Tower of Hanoi

Animated Tower of Hanoi

By Monty, 3rd July 2015

Tower of Hanoi

By André Karwath aka Aka (Own work) [CC BY-SA 2.5 (], via Wikimedia Commons

The Tower of Hanoi is a classic problem that lends itself well to a recursive solution. The story involves some poor monks having to move 64 disks of different sizes (with central holes for the pegs) from one peg to another. There are three pegs, all the disks started on the first peg (in size order, largest on the bottom), can only be moved one at a time, and have to end up on the third peg. Oh, and no disk may ever be placed on a smaller disk.

The Magic of Recursion

One of the most useful techniques of program design is called recursion. You look to see if your problem can be broken down in such a way that the procedure separates out a ‘smaller’ copy, on which you can apply the procedure again – and again on the smaller part, until the smaller part has reached a limiting case where the solution is trivial. The procedure then unwinds, using the trivial solution to solve the previous case. For example, to compute n!, which is n * (n-1) * (n-2) … * 1, we notice that n! = n * (n-1)! If the program doesn’t know what the value of (n-1)! is, it can try (n-2)! and so on. Then it does the multiplications on the way back…

def factorial(n):
    if n>1: return n * factorial(n-1)
    else:   return 1


This suggests that we could try looking at moving (n-1) disks to the next peg, then moving the bottom disk to the destination peg, then moving the original pile of (n-1) disks onto the destination peg. And each move of (n-1) disks can be done likewise by moving (n-2) disks, and so on, till we get down to 1 disk, which can just be moved with no more recursion.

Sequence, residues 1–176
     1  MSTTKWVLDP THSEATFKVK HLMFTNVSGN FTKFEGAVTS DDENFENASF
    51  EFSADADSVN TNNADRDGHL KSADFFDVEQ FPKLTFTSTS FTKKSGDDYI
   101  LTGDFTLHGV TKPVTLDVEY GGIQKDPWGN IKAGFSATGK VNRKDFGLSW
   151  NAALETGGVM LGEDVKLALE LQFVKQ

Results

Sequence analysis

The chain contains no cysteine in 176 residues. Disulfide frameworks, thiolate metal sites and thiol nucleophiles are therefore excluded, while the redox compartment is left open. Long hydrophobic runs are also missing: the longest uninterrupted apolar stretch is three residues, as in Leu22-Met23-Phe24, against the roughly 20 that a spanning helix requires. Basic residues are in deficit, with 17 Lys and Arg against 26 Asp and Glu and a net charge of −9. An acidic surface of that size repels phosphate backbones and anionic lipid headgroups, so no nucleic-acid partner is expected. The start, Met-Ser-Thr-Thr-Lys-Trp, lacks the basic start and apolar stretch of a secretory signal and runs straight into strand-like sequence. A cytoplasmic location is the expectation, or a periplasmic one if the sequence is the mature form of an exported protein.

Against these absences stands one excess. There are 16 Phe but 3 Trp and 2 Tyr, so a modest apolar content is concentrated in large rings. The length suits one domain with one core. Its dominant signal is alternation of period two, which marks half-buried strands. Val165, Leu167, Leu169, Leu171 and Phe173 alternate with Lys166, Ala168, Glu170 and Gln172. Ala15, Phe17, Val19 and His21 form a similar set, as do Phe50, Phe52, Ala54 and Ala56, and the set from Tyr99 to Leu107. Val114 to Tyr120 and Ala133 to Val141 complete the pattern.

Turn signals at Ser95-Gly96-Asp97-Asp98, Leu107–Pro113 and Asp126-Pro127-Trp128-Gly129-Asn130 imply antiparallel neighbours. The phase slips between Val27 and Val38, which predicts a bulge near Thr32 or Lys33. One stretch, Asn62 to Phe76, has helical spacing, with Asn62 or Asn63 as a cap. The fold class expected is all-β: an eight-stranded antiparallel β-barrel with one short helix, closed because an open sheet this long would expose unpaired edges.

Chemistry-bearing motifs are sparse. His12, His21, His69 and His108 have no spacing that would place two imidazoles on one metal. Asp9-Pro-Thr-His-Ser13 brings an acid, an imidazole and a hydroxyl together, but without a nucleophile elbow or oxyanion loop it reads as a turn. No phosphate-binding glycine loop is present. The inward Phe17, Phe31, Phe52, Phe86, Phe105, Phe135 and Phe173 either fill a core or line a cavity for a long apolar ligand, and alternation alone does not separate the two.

The basic solution in program code is remarkably simple. To arrive at it, imagine you already have a magical ‘hanoi’ program. You could solve the problem if you could ‘hanoi’ all but one of the disks from the first peg to the second, then move that remaining disk over to the third peg, then ‘hanoi’ all the disks on peg 2 to peg 3. Job done! Well, nearly. Before we can ‘hanoi’ the first bunch of disks, we need to ‘hanoi’ all but one of those… So each call to hanoi has to call hanoi on a smaller stack of disks, first to get them off the biggest disk, then to get them back on it once we’ve moved the biggest disk to where we need it. So it looks like this:

def hanoi(ndisks, startPeg, endPeg):
    if ndisks:
        hanoi(ndisks-1, startPeg, 3-startPeg-endPeg)
        print("Move disk",ndisks-1,"to peg",endPeg)
        hanoi(ndisks-1, 3-startPeg-endPeg, endPeg)

hanoi(4,0,2)        # 4 disks, from peg 0 to peg 2

The 3-startPeg-endPeg is just a clever little bit of arithmetic that determines which peg to move the disks to; in the beginning it evaluates to 1. The procedure ends when there are no more disks to move. A few lines of code constructed by imagining that you already have a magic function called ‘hanoi’ becomes the magic function itself!

This one is probably my favourite example of a recursive program. It solves a problem with a minimum of fuss, with not even any assignment statements! And if you look at that print() statement between the 2 hanoi() calls – it says “Move disk…” but no actual move takes place here! You could remove it, the program would still work (though of course you wouldn’t know how)! There are no (obvious) data structures keeping track of where the disks are. With a little reflection, we realise that all hanoi() needs to know is how many disks to move from where to where, and that’s all saved in the recursion stack.

Animating it with Pygame

Watching the program print out “Move disk 0 to peg 1, Move disk 1 to peg 2” soon gets old. Wouldn’t it be a lot more fun if we could actually watch the disks in motion? Yes, of course it would! Enter PyGame. It does make the program quite a bit bigger, but the end result is worth it!